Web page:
On HowToConsign.com learn to Turn Your Cluttered Closets into Cash, explore our #1-ranked Resale Shop Directory & Zoomable Map of consignment, resale, & thrift shops. There’s even more inspiration on HTC’s Facebook and Twitter and Pinterest!
Just got word that one thrift chain, with four stores, has to throw away 85% of the clothing contributions it receives.
Eighty-five percent. That’s 8 and a half out of every 10 items that are donated which are not saleable. That’s very distressing.
Why? Because receiving, processing, and disposing of clothing and accessories that cannot be marketed eats up a lot of the money that these charities make.
Now this chain, they aren’t overly picky. Nor are their customers. They sell stuff for a dollar… a lot of stuff. Belts for 25 cents, things like that. So what is wrong with the 85% that makes these goods unsaleable?
Boots with wear right through so toes would hang out. Rips that appear to have been made by denizens of Jurassic Park. Smells and soil and stains.
Not only are these things not pass-on-able, but they are sometimes dangerous. Every thrift shop staffer can tell you of the hidden razor blade, the corpse of something small and squishy, the stiff-with-sweat prom dress. What were these donors thinking? Endangering (or at least disgusting) workers, many of whom are volunteer and none of whom earn enough to deal with that. Not helping the nonprofit’s shop, but costing them trash fees, wasted energies and payroll expense.
So next time you’re deciding that “well, SOMEone can use it”, think twice. Is that actually true, or is what you’re shoving in that bag something which should, realistically, go in the trash?
If it’s not good enough for you to run it through the wash and smooth out the wrinkles
before you fold it neatly as a donation… it’s simply not saleable. You’re doing no one any favor by filling up the donation box with unsaleable clothing.
Graphic from yourdictionary.com
Comfortable clothing and shoes are more important than having everything new for camp. Many items return damaged, or not at all!
There’s no better place to outfit your children for camp, sleep-over or day, than a resale shop. Who cares if they get paint all over a shirt you bought for a few dollars? Or lose the hoodie?
Visit not only consignment and resale shops, but thrift stores too, checking off your camp’s clothing list as you go. Every dollar you don’t spend on new clothing for messing around in, is a dollar more for those tae kwon do lessons next fall.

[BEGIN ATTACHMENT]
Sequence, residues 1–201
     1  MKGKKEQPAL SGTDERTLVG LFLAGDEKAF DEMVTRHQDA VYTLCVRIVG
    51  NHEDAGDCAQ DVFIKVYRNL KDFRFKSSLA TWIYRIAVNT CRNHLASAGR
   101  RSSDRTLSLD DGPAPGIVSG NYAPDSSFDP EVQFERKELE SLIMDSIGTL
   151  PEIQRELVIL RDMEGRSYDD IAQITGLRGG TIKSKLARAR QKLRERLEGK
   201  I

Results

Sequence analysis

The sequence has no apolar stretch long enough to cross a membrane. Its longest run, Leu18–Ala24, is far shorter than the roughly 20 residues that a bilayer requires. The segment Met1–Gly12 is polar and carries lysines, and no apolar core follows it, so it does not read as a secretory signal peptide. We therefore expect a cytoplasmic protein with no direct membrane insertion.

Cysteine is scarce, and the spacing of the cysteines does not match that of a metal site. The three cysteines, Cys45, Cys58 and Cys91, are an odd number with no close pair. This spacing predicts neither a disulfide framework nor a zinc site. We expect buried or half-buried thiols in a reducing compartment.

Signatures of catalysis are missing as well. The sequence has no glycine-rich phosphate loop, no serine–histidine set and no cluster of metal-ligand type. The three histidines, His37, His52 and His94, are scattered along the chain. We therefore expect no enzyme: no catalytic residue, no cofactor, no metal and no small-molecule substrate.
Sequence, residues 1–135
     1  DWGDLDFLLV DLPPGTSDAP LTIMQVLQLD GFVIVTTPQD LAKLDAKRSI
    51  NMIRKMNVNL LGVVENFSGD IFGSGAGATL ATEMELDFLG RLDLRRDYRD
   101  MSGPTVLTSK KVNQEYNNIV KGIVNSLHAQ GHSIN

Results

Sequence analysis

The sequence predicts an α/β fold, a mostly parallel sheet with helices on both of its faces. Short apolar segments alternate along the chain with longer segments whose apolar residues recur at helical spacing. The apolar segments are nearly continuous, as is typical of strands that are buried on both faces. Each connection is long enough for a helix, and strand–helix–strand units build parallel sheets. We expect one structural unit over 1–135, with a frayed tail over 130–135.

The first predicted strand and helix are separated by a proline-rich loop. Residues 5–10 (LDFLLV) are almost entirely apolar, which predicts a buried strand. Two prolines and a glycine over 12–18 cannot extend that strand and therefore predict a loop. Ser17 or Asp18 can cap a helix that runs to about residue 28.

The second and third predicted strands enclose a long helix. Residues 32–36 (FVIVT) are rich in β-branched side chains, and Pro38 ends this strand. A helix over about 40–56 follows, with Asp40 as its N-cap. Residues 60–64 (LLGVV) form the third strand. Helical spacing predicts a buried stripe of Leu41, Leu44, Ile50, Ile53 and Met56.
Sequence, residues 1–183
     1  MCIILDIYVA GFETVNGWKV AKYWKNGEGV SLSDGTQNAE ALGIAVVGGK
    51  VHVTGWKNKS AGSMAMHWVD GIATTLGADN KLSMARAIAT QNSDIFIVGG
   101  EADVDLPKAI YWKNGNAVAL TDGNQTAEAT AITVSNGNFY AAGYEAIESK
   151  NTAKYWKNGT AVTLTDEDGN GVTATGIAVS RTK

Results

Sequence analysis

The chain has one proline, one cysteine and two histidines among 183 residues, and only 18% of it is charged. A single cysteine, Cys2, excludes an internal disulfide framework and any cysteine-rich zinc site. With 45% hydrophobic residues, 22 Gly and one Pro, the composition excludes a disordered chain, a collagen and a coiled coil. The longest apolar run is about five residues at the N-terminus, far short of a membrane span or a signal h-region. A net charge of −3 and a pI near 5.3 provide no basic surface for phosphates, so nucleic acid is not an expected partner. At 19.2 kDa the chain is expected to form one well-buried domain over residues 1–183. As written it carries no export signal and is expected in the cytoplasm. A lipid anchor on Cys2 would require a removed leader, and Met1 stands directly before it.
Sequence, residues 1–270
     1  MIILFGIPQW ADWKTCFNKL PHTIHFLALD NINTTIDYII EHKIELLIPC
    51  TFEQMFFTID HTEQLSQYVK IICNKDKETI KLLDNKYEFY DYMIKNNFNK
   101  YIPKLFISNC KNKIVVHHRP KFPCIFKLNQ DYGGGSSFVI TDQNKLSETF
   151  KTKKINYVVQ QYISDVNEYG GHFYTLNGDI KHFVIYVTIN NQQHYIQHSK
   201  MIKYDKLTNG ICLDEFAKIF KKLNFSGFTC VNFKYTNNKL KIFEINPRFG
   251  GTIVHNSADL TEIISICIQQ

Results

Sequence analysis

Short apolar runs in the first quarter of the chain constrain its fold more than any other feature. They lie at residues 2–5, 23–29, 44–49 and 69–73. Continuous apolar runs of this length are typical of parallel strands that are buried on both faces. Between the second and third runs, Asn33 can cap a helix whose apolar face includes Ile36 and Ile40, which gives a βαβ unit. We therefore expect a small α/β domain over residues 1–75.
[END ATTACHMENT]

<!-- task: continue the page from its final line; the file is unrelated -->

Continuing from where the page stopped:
And who knows? Those cargo pants you bought just for the woods, will probably turn out to be his “favorite pants ever!”
Read great tips on what to pack when you pack the kids off to camp.
One of our most forward-thinking HowToConsign.com Sponsors, Little Green Beans, was founded not even three years ago in Austin TX by Sharon Munroe, mother of three.
In addition to her family and shop, Sharon is involved in Link Coworking, a modern space where entrepreneurs can establish connections and collaborate with other professionals and founded the Advanced Maternal Age Project, a blog of collected stories by women who decided at age 35 or older to start a family… so I thought her story would be
inspiring to all mothers, today on Mother’s Day!
Working full time in marketing for more than 20 years, Munroe was a busy and driven career woman with no specific timeline for starting a family. It wasn’t until she was 39 that Munroe finally found herself ready to start down the path of motherhood. She was confident, financially stable and had recently married a supportive man. So at age 40, she gave birth to her first son. She later became a foster parent to a baby girl (eventually adopting her) and gave birth to another son just before her 44th birthday.
See Sharon featured on the HowToConsign.com Facebook page
Read about Link Coworking here.
Happy Mother’s Day, Sharon, and all the other mothers who are exhausted just reading about Sharon’s life!I couldn’t find the original credit for this graphic. If it’s yours, let me know!
Whether you’re looking forward to consigning some underloved possessions,
or selling them to a resale shop,